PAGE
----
02/05/2015
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BTO appeals for help to save farmland birds

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Despite conservation measures being employed, Yellowhammer has continued its decline. Photo: Andreas Trepte (commons.wikimedia.org).
Despite conservation measures being employed, Yellowhammer has continued its decline. Photo: Andreas Trepte (commons.wikimedia.org).
The British Trust for Ornithology (BTO) is launching a Farmland Bird Appeal to fund further research into the declines of farmland birds, in a bid to reverse the trends. 

Farmland bird declines are not a new problem, but many species such as Skylark and Northern Lapwing are still disappearing, and others such as Yellowhammer and Corn Bunting are showing no sign of recovery. Despite conservation measures implemented to halt their declines, our farmland birds continue to struggle. More research is urgently needed to understand why there has only been limited success so far.

The BTOs want to carry out the second generation of research to find solutions that work for farmland birds and farmers to reverse the declines. We hope to identify how farmland birds are using the agri-environment scheme (AES) measures that have been designed to help them, and find out why they aren't leading to the expected recoveries of farmland bird populations.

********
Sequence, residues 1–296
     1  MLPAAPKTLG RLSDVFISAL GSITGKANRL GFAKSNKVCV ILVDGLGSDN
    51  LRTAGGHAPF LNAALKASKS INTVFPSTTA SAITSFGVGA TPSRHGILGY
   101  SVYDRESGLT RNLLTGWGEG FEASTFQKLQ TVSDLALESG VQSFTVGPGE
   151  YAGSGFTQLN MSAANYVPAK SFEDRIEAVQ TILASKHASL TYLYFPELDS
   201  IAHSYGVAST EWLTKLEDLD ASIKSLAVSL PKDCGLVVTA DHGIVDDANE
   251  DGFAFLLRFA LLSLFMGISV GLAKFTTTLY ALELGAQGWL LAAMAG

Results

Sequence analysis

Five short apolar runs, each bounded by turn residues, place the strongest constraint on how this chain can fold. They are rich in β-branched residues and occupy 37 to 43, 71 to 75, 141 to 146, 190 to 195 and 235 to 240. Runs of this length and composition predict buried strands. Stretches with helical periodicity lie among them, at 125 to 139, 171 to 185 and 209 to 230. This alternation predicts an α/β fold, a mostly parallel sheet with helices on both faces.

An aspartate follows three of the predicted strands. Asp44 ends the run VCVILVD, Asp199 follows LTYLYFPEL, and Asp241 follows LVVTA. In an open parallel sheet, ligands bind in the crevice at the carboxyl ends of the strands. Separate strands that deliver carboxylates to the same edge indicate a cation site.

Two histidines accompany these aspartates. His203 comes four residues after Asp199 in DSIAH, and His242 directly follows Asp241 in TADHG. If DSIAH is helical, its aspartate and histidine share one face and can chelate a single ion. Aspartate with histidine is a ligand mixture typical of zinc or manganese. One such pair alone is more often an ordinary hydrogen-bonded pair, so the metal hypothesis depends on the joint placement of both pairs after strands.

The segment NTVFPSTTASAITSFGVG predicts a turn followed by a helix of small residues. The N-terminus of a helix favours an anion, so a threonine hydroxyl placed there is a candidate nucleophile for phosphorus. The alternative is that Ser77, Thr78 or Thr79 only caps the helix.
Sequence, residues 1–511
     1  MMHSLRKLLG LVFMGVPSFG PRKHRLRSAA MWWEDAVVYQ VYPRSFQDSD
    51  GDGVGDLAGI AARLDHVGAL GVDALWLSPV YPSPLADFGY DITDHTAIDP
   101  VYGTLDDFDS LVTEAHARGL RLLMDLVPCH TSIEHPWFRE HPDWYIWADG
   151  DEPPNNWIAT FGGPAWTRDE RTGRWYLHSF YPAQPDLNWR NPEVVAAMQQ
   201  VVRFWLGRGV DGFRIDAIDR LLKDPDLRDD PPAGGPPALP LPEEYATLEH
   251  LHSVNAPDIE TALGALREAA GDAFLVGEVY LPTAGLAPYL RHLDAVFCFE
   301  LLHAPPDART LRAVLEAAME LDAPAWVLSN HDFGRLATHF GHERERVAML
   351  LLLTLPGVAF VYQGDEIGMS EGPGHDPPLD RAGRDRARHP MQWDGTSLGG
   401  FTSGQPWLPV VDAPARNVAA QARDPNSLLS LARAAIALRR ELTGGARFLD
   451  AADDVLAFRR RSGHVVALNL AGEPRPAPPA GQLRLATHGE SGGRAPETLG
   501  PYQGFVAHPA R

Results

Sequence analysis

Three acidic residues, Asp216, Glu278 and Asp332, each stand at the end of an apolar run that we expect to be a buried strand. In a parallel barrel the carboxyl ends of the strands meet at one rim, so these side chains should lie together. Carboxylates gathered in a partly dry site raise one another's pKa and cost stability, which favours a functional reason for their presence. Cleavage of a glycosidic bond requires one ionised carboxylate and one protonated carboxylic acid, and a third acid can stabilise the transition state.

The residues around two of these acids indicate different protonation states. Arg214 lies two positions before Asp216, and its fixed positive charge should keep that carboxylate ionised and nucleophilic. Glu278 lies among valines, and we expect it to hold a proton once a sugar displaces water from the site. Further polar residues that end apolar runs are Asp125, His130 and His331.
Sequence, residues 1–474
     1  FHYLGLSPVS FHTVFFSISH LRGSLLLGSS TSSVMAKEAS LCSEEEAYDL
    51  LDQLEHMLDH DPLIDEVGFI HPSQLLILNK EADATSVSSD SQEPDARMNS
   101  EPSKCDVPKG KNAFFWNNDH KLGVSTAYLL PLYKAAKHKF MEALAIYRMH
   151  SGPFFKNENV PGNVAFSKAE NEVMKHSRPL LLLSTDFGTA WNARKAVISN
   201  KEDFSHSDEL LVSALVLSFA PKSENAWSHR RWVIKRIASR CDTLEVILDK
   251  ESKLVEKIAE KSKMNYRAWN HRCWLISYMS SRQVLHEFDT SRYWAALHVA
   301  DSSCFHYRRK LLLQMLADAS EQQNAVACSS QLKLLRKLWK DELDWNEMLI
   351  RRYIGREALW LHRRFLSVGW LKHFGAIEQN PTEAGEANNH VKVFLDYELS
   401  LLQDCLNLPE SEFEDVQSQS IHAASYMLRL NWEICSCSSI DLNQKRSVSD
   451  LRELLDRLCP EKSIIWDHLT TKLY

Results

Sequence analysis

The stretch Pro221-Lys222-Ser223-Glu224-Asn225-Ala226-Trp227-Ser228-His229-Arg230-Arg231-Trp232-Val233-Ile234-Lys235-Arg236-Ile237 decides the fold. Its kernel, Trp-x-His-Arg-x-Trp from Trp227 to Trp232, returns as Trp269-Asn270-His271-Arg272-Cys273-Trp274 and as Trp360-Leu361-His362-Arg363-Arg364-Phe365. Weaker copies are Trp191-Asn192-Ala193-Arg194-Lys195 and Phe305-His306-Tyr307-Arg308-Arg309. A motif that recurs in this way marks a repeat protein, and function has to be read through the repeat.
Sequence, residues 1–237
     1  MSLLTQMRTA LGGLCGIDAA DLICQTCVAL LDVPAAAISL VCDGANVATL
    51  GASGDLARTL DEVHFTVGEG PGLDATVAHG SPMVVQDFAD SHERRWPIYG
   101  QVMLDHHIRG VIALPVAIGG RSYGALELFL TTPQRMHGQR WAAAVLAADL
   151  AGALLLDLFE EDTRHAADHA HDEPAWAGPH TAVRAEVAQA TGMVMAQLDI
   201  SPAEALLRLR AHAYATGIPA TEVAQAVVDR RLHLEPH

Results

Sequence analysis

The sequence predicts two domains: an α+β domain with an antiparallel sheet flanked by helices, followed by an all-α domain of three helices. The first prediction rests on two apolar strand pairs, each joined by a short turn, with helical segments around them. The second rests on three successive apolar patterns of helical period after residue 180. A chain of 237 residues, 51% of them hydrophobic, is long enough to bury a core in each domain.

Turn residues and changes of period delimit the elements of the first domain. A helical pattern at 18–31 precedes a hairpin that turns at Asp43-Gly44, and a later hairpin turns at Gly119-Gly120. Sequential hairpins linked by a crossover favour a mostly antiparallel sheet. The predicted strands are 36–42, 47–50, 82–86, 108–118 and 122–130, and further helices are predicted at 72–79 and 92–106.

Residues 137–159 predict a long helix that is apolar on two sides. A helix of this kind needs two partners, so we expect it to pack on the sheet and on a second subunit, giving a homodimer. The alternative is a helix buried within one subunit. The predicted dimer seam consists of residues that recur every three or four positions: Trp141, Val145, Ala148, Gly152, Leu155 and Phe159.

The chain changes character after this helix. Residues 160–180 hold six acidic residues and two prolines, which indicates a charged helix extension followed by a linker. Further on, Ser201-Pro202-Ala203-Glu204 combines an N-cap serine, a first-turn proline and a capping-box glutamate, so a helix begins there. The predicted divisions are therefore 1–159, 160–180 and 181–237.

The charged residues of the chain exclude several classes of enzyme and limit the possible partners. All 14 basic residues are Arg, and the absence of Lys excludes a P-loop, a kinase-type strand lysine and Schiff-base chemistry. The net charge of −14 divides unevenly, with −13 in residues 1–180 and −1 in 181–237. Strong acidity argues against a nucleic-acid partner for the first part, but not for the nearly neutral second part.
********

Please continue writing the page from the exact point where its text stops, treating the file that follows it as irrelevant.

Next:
How are birds adapting and interacting with changing land-use, climate, predators, competitors, parasites and disease? What is it about some options that produces negative effects on Skylarks? Are features being used as they were designed to be used? What effects are habitat having on productivity of farmland birds?

Using new and novel techniques, such as tracking and camera trapping, and by combining the BTO's traditional strengths of volunteer-led and professional science, they aim to find out.

More than 60 per cent of countryside is farmland. Agri-environment schemes are the approach to providing management schemes to improve the farmed environment. With even less funding available for research and development, the BTO is asking for your help to carry out this work to understand why the AES measures aren't delivering results and find solutions that work for farmland bird species.
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